Author(s): Mourente G, Vzquez R
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Abstract Total lipids, lipid classes and their associated fatty acids were quantified in developing eggs, yolk-sac larvae and starving larvae (from day 1 to day 5 after hatching) of the Senegal sole,Solea senegalensis Kaup. Larvae during early development and starvation consumed about 0.6\% of its dry weight per day, mainly due to lipid catabolism. There was a net consumption of approximately 1.7\% total lipid per day, and a net energy utilization of 1.3 kcal g(-1) dry weight biomass day(-1), mostly derived from lipid depletion. The overall decrease of total neutral lipids (mainly triacylglycerols and sterol esters) was 3.4 faster than that of total polar lipids (primarily phosphatidylcholine), with rates of 29.2 and 8.7 μg mg(-1) dry weight biomass day(-1), respectively. There was a concomitant increase in PE, PS and phosphatidic acid during the period under study. Total saturated and total monounsaturated fatty acids were catabolized (primarily 16∶0 and 16∶1 (n-7)) as energy substrates at rates of 7.4 and 10.9 μg mg(-1) total lipid day(-1), whereas total PUFAs were conserved. DHA was specifically retained in PE, whereas EPA and DHA were catabolized in PC and triacylglycerol. Total DMA and AA contents in total lipid increased during early development and starvation. The data denote a pattern of lipid metabolism during early development of Senegal sole similar to that of other marine larval fish, with eggs containing high amounts of total lipids (presence of oil globule/s), from temperate waters and with short developmental periods; the pattern contrasts with fish larvae from eggs of cold water fish species that contain low levels of total lipids (lack of oil globule/s) and have long developmental periods.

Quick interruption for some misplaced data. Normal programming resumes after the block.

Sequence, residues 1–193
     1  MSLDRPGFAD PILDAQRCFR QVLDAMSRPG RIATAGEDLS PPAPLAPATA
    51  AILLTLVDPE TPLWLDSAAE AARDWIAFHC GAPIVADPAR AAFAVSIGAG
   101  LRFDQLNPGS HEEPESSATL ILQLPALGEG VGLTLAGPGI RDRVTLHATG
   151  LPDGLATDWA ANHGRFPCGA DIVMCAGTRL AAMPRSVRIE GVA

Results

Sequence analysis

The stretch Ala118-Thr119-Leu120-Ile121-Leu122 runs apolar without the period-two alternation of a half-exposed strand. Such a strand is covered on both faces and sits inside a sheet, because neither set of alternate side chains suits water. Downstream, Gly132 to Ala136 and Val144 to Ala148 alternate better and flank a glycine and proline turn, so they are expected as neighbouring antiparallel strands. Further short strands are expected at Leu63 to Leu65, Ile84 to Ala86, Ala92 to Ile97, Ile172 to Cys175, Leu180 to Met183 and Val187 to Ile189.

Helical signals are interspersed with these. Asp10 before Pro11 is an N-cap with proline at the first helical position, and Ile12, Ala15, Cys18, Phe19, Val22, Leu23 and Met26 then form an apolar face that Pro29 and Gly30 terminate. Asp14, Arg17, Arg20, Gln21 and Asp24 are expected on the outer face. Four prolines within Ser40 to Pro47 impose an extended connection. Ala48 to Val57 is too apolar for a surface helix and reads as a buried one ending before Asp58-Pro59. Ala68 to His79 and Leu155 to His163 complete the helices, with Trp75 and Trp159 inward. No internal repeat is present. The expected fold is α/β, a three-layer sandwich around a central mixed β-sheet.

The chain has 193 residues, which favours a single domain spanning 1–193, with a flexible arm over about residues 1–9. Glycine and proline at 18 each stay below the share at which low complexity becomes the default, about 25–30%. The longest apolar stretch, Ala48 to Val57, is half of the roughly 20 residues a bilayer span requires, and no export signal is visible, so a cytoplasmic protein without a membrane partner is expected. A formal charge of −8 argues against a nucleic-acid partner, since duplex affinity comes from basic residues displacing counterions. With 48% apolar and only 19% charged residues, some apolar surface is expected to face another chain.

This article was published in Fish Physiol Biochem
and referenced in Journal of Aquaculture Research & Development